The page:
capital. A certified wildlife biologist, Franklin has extensive experience in conservation policy and is widely known in Washington, including as field director and policy director of The Wildlife Society for 22 years, and in his role on the Wildlife and Hunting Heritage Conservation Council advising the secretaries of the US Departments of Agriculture and Interior.

“TRCP is a coalition of many of the top conservation groups in the country and is a well-known and well-respected entity in Washington and around the country,” said McKenzie. “This new partnership enables NBCI to enlist the support and assistance not only of TRCP but also of numerous other conservation groups, while adding NBCI’s strengths to address common priorities of the alliance. And Tom Franklin has a lifetime of unparalleled conservation policy experience. Wild bobwhite restoration on a landscape scale -- which is what we’re about -- needs that level of experience and visibility to inform and educate decision makers.” 

"The Theodore Roosevelt Conservation Partnership is excited to partner with NBCI and help advance national policies that restore bobwhite habitat," said Whit Fosburgh, TRCP President and CEO.

Added Franklin, "Restoring abundant bobwhite populations to their historic strongholds is a challenge crucial to all who have shared the thrill of flushing a covey of bobs behind a pointing dog. I am pleased to join the NBCI team that is working tirelessly to ensure that we will again hear the bobwhite whistle throughout rural America."

The new national partnership is also facilitated and strengthened by a grant of private funds from the Park Cities Quail chapter of the Quail Coalition in Texas, said McKenzie. “Park Cities Quail’s mission focuses primarily on conserving Texas quail, but we greatly appreciate the organization stepping up with strong support of the NBCI and bobwhite conservation at this national level. This endeavor illustrates the comprehensive network of partnerships and collaboration nationally and among the 25 states necessary to meet a challenge as daunting as bobwhite restoration.”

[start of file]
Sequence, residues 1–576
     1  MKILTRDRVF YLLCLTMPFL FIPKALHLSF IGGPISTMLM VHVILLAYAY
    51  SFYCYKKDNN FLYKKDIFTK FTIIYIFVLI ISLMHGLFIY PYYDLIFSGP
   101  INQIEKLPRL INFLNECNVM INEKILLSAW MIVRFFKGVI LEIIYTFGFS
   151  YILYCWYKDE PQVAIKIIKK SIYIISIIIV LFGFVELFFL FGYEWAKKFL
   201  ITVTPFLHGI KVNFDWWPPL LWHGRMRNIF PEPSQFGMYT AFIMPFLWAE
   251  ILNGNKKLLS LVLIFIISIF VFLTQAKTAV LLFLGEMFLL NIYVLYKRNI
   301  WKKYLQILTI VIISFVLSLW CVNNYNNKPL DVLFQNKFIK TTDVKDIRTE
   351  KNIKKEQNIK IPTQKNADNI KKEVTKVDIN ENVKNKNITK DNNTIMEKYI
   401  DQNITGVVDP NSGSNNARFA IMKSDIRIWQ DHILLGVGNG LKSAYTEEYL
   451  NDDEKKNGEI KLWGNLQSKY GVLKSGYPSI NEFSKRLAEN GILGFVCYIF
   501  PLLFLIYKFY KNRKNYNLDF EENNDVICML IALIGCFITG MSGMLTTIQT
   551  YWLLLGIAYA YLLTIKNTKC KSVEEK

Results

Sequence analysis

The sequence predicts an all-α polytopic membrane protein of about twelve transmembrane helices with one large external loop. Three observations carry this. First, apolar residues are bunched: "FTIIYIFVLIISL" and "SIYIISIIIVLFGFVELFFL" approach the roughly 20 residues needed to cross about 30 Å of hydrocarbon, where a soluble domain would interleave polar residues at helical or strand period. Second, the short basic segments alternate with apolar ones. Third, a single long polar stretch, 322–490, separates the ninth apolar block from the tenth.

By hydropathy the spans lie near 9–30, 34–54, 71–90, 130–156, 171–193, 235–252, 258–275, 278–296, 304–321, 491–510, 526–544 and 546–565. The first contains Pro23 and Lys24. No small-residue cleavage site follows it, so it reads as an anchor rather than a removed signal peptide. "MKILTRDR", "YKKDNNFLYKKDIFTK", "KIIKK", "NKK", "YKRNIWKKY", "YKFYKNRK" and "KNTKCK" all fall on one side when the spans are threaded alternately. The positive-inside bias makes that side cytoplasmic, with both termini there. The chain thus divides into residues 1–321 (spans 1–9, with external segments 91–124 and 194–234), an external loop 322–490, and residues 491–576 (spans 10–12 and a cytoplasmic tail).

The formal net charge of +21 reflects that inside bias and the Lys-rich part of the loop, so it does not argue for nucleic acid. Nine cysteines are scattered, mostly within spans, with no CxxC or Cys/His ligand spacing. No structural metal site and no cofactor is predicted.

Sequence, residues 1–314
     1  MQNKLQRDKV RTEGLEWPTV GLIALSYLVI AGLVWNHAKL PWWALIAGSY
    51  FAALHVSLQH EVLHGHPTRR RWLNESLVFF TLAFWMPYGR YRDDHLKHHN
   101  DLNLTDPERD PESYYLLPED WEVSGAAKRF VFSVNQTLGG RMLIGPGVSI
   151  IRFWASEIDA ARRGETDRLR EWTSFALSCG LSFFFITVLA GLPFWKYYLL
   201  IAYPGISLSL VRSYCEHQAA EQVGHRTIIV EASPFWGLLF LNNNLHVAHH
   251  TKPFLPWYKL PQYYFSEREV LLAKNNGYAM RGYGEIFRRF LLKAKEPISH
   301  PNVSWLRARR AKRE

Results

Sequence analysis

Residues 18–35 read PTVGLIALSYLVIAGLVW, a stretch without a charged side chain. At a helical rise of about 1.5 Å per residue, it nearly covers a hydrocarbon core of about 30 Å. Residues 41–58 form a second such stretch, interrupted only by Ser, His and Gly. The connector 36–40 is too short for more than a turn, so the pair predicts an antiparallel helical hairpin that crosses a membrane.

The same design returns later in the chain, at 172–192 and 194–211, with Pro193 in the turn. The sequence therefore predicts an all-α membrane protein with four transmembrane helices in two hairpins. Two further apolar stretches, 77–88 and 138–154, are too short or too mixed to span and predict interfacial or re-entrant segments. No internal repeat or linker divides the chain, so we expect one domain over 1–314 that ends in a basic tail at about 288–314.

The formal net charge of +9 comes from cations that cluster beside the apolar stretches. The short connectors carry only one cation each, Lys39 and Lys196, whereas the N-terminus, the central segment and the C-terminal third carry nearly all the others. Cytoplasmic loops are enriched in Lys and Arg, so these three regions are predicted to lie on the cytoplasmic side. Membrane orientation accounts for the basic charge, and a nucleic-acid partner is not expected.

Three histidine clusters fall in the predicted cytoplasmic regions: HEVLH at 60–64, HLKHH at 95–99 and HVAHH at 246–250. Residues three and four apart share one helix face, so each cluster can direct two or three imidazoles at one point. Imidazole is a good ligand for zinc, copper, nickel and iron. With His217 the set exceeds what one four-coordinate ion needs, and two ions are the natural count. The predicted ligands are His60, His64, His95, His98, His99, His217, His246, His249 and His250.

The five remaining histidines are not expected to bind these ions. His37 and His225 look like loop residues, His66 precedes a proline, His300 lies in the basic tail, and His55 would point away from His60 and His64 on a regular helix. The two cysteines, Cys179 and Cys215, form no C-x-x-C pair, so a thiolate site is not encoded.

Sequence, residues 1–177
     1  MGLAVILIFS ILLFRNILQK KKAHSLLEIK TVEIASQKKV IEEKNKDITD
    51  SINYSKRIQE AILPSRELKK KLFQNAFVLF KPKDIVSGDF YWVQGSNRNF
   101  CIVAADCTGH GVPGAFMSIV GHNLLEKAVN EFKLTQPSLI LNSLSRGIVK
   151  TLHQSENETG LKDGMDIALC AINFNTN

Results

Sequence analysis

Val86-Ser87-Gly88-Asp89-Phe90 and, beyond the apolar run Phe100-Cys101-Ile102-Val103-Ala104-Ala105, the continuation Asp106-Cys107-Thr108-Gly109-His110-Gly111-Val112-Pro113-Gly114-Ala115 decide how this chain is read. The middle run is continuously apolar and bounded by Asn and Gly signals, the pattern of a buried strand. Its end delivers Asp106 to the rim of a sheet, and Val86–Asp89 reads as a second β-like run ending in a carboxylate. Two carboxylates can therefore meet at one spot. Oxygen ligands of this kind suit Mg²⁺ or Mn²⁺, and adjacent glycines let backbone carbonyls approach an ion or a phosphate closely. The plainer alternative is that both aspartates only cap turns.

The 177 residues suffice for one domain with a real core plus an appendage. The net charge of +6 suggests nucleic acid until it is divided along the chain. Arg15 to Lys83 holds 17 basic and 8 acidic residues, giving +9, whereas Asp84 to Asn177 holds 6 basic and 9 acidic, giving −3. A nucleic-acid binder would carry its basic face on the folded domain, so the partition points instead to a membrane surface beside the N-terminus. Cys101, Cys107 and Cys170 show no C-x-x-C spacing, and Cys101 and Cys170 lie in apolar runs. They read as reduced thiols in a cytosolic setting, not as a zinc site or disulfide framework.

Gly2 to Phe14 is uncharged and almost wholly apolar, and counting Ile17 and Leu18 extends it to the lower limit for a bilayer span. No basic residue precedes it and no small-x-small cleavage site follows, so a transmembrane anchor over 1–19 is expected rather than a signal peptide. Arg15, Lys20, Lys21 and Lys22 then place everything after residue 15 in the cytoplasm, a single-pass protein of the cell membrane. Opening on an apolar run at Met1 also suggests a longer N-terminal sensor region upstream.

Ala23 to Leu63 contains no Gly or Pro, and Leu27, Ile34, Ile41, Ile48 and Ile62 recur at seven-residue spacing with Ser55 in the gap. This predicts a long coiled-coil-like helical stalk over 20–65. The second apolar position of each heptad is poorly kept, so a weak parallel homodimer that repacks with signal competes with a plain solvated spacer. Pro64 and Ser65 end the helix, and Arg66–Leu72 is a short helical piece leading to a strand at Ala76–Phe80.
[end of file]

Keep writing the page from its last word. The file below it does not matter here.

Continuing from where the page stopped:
“Through its fund raising and allocation of grants, Park Cities Quail, a chapter of Quail Coalition, is dedicated in its efforts to reverse the decline of the bobwhite quail,” said Jay Stine, coalition executive director.  “We understand the importance of having a voice in Washington, D.C., and feel that Tom Franklin will work with our same determination for our beloved bobwhite.  We are honored to be a part of this alliance by assisting with funding for an advocate for bobwhite quail in the nation’s capital.”

Franklin will fill the position of Agriculture Liaison for the NBCI, working as support staff and implementation leader for the Agriculture Policy Subcommittee of the National Bobwhite Technical Committee, the technical brain trust behind the NBCI.

About NBCI

Headquartered at the University of Tennessee Institute of Agriculture’s Department of Forestry, Wildlife and Fisheries, NBCI is an initiative of the National Bobwhite Technical Committee (NBTC) to elevate bobwhite quail recovery from an individual state-by-state proposition to a range-wide leadership endeavor. The committee is comprised of representatives of 25 state wildlife agencies, various academic research institutions and private conservation organizations. Financial support for NBCI is provided by the Federal Aid in Wildlife Restoration Program, state wildlife agencies, the University of Tennessee and Park Cities Quail. For more information, please visit www.bringbackbobwhites.org.  

About TRCP